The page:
Long-term visions notwithstanding, phase one improvements, such as a half-acre public park in the middle of the development with a nearby Mitchell’s Ice Cream
store, will transform the area and encourage even more development.
“It’s the stuff that you would do every day rather than taking a purpose-driven trip to a regional mall or lifestyle center,” Palmisano says. He adds that Van Aken will differ considerably from those sorts of developments. “You can think about street-level retail, residence or office above, public spaces, events, walkability.”
"We've been waiting a long time for this."
After residents at the city’s placemaking public meeting learned about these plans and prepared to give their input on the public spaces, signage and infrastructure that will surround the development, SmithGroupJJR’s Neal Billetdeaux offered advice.
“Don’t think about the area in the context of what it is today,” the senior landscape architect said. “Don’t think about that as far as how you move through the district and what you see there. Think in the context of this type of development, this type of energy [seen in the presentation]."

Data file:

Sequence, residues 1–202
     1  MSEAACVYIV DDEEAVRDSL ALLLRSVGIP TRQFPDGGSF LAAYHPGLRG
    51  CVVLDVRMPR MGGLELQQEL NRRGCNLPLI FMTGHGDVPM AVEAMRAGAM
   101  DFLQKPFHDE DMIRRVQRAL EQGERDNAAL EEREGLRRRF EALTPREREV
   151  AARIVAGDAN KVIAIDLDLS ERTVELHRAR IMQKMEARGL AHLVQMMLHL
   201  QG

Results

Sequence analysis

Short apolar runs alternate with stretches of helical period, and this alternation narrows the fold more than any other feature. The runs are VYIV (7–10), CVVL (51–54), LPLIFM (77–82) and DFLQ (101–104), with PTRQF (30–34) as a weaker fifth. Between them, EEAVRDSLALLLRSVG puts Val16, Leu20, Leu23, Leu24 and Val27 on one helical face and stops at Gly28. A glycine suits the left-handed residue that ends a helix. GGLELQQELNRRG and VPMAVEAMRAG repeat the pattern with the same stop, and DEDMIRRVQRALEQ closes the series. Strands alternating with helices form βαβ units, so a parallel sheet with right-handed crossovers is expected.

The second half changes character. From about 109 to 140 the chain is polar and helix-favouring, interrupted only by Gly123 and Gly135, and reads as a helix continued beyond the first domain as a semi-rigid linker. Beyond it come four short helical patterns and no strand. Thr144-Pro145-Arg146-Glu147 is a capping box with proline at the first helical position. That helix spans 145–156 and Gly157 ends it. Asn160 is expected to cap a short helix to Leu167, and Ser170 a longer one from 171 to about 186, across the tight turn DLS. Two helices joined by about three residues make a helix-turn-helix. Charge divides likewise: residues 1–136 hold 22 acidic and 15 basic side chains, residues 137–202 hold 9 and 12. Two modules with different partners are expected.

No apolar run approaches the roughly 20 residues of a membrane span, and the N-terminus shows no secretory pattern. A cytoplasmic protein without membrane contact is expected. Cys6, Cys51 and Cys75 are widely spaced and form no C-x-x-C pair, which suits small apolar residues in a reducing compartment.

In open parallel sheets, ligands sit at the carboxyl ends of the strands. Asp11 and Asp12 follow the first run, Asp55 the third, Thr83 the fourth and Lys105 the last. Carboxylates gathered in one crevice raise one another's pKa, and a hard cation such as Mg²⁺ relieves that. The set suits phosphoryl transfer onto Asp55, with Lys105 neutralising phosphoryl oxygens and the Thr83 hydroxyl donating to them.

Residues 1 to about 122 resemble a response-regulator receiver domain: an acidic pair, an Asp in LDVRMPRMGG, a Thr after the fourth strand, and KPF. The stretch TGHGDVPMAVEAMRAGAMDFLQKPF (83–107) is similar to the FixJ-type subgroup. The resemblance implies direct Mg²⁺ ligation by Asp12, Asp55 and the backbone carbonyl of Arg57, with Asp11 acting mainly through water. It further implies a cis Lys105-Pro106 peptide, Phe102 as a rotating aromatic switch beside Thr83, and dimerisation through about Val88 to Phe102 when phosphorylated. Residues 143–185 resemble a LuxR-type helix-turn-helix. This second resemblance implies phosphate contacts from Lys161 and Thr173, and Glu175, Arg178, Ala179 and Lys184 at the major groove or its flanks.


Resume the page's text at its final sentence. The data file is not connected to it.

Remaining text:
With that, participants moved to four stations that explored: 1) navigating the district; 2) locating amenities; 3) placing red "heat" dots to indicate the importance of elements; and 4) a game of “Shaker Mad Libs.”
Eight questions and fill-in-the-blank prompts guided the Mad Libs game, including “I think [blank] would give the Van Aken district a unique Shaker Heights identity,” and “The district will be most successful if it feels [blank].” The most common answers for the former were iconic art and trees and gardens. Residents most commonly felt that green space and unique shops would make the district most successful.
Kevin Leeson quickly placed his red "heat" dots next to the Art, Landscape and Bicycle categories during the heat map exercise, indicating that those were the most important elements of the district in his opinion.
“People think of landscape as a visual attractive element, but it also has psychological, environmental and sometimes human health benefits,” says Leeson, a Shaker Heights resident for 15 years. “[The District needs] plenty of trees, rainwater, carbon and all the great things that trees provide. Studies show that we live longer if we’re surrounded by trees.”
Leeson picked art for the uniqueness it could provide the district, not unlike what the city is already doing in the nearby Moreland District